Photo by Rennett Stowe (CC BY 2.0)

The UK government has rejected a recommendation to implement a centralised system to process student loan refunds. The recommendation was made in a July 13th report published by the Petitions Committee, in response to several online petitions for tuition refunds. The largest of these petitions, titled ‘Reimburse all students of this year’s fees due to strikes and COVID-19,’ garnered over 350,000 signatures.

The Petitions Committee report, titled ‘The impact of COVID-19 on university students,’ acknowledged huge disruptions to the student experience due to difficulties accessing online materials and the lack of access to university facilities. It also acknowledged that these problems were especially prevalent in disadvantaged students.

However, the report rejected the notion that there should be a universal refund, citing “evidence that universities, lecturers and support staff have made tremendous efforts to continue to deliver university courses in uniquely challenging circumstances, and some students have continued to receive an excellent education.”

The report elaborated that although refunds should be on a case-by-case basis, the government should establish a new system to centralize and simplify refund requests, basing verdicts on independent assessments of education quality. Considering the poor financial situation of higher education this year, the report also recommended that the government provide financial help with refunds by voiding student loans or directly reimbursing students.

The government response to the Petitions Committee report came on the 11th September. The government took issue with these last two recommendations, pointing out the unique circumstances and agreements of individual student-university contracts. They asserted that universities must uphold their contractual obligations to provide quality education, but that student dissatisfaction and refund-seeking should be directed to existing legal avenues.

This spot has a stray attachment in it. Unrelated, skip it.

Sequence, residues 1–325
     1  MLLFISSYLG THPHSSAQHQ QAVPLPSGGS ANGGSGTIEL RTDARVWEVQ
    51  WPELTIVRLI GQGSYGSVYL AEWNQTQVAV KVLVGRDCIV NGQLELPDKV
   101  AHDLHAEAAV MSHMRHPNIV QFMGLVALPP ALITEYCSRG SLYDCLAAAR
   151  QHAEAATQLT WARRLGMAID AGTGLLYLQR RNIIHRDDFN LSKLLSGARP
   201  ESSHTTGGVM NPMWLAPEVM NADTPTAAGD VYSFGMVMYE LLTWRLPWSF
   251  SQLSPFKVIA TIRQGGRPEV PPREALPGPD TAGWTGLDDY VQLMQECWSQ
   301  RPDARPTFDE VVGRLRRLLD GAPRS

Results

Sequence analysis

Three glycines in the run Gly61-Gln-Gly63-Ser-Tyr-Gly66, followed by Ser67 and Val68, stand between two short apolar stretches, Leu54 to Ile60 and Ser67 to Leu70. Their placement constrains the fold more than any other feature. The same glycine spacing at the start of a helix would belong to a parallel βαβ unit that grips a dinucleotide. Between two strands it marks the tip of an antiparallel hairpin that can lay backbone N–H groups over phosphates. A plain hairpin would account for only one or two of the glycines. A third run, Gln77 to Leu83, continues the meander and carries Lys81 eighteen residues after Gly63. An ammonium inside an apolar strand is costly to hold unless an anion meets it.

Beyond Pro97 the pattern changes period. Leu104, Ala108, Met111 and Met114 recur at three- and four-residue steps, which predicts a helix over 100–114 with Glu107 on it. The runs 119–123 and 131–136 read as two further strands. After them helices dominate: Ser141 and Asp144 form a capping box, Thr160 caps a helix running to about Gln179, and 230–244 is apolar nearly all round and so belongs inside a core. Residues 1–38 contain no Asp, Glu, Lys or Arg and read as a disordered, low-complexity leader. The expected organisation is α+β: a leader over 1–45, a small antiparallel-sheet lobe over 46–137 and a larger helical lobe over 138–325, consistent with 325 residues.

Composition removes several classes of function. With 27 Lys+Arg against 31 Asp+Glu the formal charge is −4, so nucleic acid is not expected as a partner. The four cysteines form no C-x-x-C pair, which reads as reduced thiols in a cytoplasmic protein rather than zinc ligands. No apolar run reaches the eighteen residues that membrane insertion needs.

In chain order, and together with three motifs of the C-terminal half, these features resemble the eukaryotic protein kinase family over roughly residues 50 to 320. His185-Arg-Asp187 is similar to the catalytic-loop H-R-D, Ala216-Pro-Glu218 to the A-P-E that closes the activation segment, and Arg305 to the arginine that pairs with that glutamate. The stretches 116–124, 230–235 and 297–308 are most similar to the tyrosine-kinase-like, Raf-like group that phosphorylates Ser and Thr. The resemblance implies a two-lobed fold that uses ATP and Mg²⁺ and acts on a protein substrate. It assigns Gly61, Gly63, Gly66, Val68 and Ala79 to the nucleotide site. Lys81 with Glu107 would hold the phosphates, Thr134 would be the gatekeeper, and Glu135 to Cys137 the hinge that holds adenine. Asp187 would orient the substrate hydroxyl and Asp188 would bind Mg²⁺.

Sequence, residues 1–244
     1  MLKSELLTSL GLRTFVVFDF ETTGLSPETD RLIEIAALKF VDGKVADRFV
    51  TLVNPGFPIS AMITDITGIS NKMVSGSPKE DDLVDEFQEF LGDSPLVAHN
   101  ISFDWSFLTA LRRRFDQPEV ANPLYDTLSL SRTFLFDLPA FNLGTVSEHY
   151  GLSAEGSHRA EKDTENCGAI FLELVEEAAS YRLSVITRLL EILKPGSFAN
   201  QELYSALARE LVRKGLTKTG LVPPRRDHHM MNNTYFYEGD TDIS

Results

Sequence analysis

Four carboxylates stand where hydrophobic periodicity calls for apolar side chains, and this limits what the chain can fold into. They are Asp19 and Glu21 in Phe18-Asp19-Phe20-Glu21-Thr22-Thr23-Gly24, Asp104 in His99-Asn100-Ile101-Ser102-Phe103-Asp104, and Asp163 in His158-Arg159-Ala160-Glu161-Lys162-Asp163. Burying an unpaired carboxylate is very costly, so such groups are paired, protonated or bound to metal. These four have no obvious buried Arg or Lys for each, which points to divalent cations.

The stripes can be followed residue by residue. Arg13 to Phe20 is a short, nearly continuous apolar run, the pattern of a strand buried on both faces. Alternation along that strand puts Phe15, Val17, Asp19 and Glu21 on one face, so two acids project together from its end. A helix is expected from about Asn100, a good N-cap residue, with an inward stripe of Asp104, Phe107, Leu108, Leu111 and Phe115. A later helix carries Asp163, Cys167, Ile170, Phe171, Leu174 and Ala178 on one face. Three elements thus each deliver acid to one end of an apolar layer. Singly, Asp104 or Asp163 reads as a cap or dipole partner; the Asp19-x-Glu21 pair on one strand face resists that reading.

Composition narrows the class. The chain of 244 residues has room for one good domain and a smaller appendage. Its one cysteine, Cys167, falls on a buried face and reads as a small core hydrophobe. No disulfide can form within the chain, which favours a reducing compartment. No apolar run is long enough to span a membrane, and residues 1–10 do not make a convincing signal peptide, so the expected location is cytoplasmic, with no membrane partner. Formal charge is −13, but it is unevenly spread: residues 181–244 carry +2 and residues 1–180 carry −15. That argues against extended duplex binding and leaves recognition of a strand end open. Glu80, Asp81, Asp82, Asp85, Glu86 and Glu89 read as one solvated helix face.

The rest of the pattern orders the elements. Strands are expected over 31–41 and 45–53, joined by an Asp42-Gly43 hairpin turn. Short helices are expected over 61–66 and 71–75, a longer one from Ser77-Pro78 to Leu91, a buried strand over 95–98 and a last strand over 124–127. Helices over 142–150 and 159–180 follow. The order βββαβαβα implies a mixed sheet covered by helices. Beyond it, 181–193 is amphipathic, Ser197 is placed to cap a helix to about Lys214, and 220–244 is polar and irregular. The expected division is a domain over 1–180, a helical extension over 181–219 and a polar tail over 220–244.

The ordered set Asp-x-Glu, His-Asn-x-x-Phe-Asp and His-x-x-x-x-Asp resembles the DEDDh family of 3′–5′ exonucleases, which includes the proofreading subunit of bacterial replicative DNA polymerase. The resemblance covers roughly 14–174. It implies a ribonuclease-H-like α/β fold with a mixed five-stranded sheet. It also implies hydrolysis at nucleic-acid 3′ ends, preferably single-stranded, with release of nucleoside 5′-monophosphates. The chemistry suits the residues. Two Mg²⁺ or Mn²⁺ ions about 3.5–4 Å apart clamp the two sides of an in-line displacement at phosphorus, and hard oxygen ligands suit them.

“The Government is clear that students have rights under consumer law and has set out the process they should follow if they have been dissatisfied with their provider’s response to COVID-19,” stated the government response.

These existing processes were listed in the response as the complaints system of the individual university, the Office of the Independent Adjudicator for Higher Education (OIA), or the courts. They replied to the suggestion of government-back refunds by citing other aid they were already providing to universities, including government-backed loans and the Coronavirus Job Retention Scheme.

Petitions Committee Chair Catherine McKinnell MP replied on the 16th of September: “We welcome the Government’s acceptance that students should be able to take action if they are unsatisfied with their university’s response to the pandemic, as well as the additional guidance that is being published to address the lack of clarity we highlighted as to when students are entitled to a refund.

We are also pleased the Government has provided financial support to universities during the pandemic. However, this falls far short of our request to consider alternative means to reimburse students who are entitled to a refund, so that this additional burden does not fall on universities.”

Her reply ended with an assurance that the committee would continue to press the government on the issue.

If you’re a Bangor University student, and have an opinion on how Bangor has handled Covid-19, your point of contact is Undeb Bangor, your Students’ Union. Undeb Bangor represents the student voice in talks with the university, and is a first port-of-call for influencing the future of the student experience.


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